One of the pleasant duties of the Edmond J. Safra Visiting Professor is to organize a colloquy, for which I proposed the materiality of sculpture as the subject. The wonderful collection of nineteenth-century French sculpture at the National Gallery of Art, including all the states of sculptures, from sketches to completed marbles or bronzes, makes the Gallery a perfect site for such an inquiry.
In 1942 the National Gallery of Art received a very important gift from Katherine Seney Simpson: twenty-eight sculptures, eight drawings, and three drypoints by Auguste Rodin (1840 – 1917). She had acquired them directly from the artist, with whom she had formed a friendship, and this collection, said to be first rate when it entered the institution, is indeed the best, alongside that of the Metropolitan Museum of Art, in the United States.
Among the sculptures are two terra-cotta sketches, Eve Eating the Apple and Statuette of a Woman, both of which served as starting points for a long, laborious creative process that extended throughout Rodin’s career. It resulted in some of his most important late works, whose innovative character helped usher in twentieth-century sculpture. In addition, the sketches help illuminate Rodin’s approach, from studies from living models to forms that encapsulate the essence of sculpture. In one of these series of variations the small Eve morphs into a torso (the Victoria and Albert Museum Torso of a Woman), a derivation so simplified that it has almost become an abstract form. Eve and its transformations were included in Rodin: The Centennial Exhibition (Grand Palais, Paris, 2017), but the series generated by Statuette of a Woman had never been properly identified or explained.
With the opportunity to study the collection closely in preparation for the Safra Colloquy, I noticed that the statuette’s arched silhouette (height, 35 centimeters) was the seed that engendered, almost thirty years later, the life-size Torso of a Young Woman with Arched Back, exhibited at the Salon of 1910. This torso has been related to a small terra-cotta figure known as Thunderstruck Damned Woman (Musée Rodin, Paris). Now conceived lying down on its back, and with a different, more severe head and with legs truncated below the knees, this sketch appears to be a variation on Statuette of a Woman in Washington. Indeed, it is a fragment to which Rodin added, first, a new head, indicated by a visible join at the neck, and, second, a base that resembles rocks or clouds. Conversely, the Washington sketch is a complete and standing figure, obviously modeled from scratch from one of the young women who sat for Rodin at the beginning of the 1880s when he was working on The Gates of Hell. Like Damned Woman but at a smaller scale, it is a vigorous sketch, quickly done, especially in the head, where only the essential volumes are indicated, whereas the torso is more refined. The surface is imprinted with the marks of a special tool, a kind of rasp with thin teeth, and it is still fixed on its original wooden base, characteristic of Rodin’s studio.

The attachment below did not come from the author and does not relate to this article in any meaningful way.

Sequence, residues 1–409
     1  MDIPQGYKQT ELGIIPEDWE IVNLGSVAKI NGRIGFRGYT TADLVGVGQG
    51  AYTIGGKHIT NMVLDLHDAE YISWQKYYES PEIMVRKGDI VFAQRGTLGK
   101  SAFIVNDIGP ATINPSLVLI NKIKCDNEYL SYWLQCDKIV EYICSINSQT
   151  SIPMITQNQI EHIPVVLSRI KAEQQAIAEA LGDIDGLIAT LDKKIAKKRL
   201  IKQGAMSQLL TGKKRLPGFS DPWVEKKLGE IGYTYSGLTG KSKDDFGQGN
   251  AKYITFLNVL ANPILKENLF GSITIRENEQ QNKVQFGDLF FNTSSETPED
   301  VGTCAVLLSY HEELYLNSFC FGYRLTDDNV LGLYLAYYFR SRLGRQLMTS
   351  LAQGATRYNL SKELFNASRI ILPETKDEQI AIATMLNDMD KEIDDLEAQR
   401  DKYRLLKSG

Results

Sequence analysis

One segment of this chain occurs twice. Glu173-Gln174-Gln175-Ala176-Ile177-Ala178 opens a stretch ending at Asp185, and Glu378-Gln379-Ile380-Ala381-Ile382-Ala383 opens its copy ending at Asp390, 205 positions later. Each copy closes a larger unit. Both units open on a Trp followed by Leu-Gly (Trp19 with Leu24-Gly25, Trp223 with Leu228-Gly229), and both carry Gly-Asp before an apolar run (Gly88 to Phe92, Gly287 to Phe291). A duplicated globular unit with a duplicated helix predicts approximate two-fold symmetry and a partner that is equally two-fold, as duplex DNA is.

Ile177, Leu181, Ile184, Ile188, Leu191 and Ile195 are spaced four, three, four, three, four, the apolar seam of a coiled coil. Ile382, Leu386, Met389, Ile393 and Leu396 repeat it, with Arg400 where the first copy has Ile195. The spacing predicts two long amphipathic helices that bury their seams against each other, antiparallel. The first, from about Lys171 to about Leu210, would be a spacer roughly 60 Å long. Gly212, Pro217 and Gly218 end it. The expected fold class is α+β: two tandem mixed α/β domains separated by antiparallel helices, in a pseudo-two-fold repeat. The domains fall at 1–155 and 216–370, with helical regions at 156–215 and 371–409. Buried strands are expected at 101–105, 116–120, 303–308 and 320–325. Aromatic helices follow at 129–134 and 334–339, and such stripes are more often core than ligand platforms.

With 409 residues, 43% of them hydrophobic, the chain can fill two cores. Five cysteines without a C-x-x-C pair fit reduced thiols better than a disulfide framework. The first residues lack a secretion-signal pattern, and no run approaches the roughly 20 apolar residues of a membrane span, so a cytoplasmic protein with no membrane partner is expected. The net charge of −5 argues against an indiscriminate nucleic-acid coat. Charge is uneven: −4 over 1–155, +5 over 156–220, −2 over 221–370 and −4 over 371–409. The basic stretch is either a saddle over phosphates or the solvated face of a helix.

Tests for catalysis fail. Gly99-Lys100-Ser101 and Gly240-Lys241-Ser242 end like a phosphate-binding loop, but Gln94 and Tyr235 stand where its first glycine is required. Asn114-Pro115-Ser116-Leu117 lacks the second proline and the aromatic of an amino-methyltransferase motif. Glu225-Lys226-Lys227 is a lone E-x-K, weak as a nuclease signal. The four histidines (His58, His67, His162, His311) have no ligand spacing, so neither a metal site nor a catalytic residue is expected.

But the story did not end there. At one point, Rodin eliminated the head, arms, and upper legs to obtain a torso. He then enlarged it, as was his custom with his main sculptures in the beginning of the twentieth century. The link between all these forms is evidenced by the finlike protrusions visible on the torso’s hips, vestiges of the artist’s removal of the arms and hands from the terra-cotta versions.
Rodin also simplified the surface, making it closer to the work of Aristide Maillol (1861 – 1944), to which his own was often compared. Even if some critics protested against his apparent new habit of systematically exhibiting only studies of details, most viewers recognized the beauty of the enlarged arched torso, and the Ministry of Fine Arts commissioned the first bronze cast for the Musée du Luxembourg in Paris. Embellished with a pale green patina reminiscent of archaeological finds, the bronze Torso of a Young Woman with Arched Back is indeed one of the works, including The Walking Man, in which Rodin comes closest to the antiquity he admired so much. Like the non finito in marble, Statuette of a Woman, seen from the perspective of the arched torso, reveals what is most profound in Rodin: his love for nature and his quest for a form taken to the extremes of expression, yet still open to whatever influences the environment of the studio — such as light falling on the volume and revealing the strength of the torso, or perhaps a comment of the assistant in charge of the enlargement — may have on it.